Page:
No, not the kind that guy’s wearing!
The short films nominated for Oscars are on view via various streaming outlets. We watched the five “live action” nominees over the weekend and while, year after year, all the films aren’t necessarily funny or uplifting, they’re almost always interesting.
Consciously or unconsciously, the creative teams behind this year’s nominees must have been immersed in the George Floyd aftermath, because four of the five deal with a character’s interaction with uniformed authorities–police, border guards, corrections officers, most of whom are frustratingly intransigent. The fifth nominee lacks cops, but deals with building understanding between people with totally different backgrounds.
“The Present” by Farah Nabulsi documents the struggle of Palestinians living under Israeli occupation, where even the simplest act leads to a morass of difficulties. Performances were good, but the story is predictable. (Tastes differ. IndieWire liked this one best.)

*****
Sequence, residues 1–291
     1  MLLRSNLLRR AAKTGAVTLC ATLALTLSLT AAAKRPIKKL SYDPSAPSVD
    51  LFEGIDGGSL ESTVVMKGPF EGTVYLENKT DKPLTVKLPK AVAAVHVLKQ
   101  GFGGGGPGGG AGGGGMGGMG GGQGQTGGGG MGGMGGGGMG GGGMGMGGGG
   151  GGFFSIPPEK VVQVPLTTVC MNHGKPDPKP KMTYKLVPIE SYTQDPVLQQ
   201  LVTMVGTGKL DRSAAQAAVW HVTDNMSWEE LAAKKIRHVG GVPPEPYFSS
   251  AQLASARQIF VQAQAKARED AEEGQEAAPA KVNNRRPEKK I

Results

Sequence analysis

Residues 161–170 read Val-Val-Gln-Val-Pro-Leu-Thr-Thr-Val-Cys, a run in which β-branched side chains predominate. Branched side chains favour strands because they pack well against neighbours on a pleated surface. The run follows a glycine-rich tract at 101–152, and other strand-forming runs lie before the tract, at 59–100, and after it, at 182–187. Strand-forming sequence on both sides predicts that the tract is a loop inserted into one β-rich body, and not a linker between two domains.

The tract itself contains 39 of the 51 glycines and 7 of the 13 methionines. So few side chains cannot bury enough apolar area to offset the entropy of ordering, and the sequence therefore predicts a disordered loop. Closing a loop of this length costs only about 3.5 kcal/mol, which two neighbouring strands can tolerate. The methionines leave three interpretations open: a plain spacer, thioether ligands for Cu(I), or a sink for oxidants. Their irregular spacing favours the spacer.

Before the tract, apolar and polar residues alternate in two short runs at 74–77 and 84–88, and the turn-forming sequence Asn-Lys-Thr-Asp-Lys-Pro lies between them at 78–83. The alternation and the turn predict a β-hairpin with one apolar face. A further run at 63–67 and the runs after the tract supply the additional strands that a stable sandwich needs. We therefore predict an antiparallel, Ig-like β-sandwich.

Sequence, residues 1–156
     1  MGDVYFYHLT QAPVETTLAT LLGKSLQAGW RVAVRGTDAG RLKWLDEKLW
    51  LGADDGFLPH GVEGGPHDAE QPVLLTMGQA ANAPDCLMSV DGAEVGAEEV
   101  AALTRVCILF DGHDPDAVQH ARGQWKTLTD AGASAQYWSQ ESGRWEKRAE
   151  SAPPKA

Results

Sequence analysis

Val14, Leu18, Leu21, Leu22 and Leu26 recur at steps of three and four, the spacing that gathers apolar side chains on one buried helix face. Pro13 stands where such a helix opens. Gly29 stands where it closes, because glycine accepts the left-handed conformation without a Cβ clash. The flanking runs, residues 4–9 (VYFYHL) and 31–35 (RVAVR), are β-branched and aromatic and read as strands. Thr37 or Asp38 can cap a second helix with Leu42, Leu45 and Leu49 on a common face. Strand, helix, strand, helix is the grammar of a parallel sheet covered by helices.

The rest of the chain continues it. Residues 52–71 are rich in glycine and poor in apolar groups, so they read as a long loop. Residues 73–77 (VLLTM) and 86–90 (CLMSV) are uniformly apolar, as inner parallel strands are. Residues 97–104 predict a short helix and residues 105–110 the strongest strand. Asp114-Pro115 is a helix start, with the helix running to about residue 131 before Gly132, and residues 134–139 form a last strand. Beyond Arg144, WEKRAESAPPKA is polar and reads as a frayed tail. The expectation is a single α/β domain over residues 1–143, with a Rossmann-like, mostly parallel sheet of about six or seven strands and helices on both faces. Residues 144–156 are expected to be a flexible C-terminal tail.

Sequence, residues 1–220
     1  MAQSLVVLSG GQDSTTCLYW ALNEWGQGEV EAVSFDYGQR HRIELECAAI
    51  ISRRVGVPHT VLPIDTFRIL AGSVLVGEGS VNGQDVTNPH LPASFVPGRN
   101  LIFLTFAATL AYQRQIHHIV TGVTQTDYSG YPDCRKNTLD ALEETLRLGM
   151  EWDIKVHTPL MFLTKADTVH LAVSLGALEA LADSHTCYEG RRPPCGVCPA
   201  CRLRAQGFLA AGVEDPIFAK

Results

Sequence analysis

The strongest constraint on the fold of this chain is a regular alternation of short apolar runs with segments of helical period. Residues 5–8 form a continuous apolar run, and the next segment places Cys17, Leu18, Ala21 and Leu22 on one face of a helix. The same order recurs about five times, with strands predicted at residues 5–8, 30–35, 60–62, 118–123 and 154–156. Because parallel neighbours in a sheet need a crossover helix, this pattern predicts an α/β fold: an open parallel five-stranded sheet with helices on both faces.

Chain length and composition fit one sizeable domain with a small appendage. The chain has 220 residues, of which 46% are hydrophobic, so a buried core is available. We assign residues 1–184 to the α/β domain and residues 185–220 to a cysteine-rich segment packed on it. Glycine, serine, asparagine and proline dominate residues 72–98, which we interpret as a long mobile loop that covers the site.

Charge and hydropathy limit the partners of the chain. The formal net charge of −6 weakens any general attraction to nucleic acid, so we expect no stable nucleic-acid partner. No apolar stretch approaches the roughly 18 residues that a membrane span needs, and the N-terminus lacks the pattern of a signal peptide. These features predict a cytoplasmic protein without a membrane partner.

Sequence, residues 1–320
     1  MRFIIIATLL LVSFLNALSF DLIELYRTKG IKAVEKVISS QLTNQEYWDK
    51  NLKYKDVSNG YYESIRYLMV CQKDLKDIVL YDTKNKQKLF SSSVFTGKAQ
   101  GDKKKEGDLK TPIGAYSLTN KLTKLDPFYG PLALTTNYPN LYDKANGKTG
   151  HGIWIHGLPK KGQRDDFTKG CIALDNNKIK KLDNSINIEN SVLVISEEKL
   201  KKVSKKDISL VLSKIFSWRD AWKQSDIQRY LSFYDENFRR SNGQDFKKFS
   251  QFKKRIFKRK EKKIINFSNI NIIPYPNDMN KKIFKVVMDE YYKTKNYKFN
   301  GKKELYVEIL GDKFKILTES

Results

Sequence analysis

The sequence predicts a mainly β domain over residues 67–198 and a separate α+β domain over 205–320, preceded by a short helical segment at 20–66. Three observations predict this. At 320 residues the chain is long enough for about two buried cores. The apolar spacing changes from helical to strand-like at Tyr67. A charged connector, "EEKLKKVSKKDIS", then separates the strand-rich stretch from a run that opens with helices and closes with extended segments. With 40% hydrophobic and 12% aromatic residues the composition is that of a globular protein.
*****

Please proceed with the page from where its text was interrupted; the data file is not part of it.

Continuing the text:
In “White Eye,” an Eritrean immigrant buys a used bicycle, which turns out to have been stolen. The bike’s owner wants it back. The police know only one way to react. Nice twist at the end.
“Feeling Through” involves a young, homeless black man who encounters a blind and deaf white man and helps him across the street. Produced by Oscar-winner Marlee Matlin, it’s a feel-good movie that shows the blossoming of an act of kindness.
“Two Distant Strangers” is an urban Groundhog Day with guns. A young black man repeatedly dreams about (foresees?) a dangerous confrontation with an older white cop. In any version of reality, can this ever turn out OK?
In “The Letter Room,” Oscar Isaac plays Richard, a surprisingly genial corrections officer who screens prisoner mail. (The film was written and directed by Isaac’s wife, Elvira Lind.) One of the death-row inmates receives numerous steamy letters from his girlfriend, and another begs Richard to make sure his daughter’s letters haven’t been lost in the system. Two nice reversals at the end.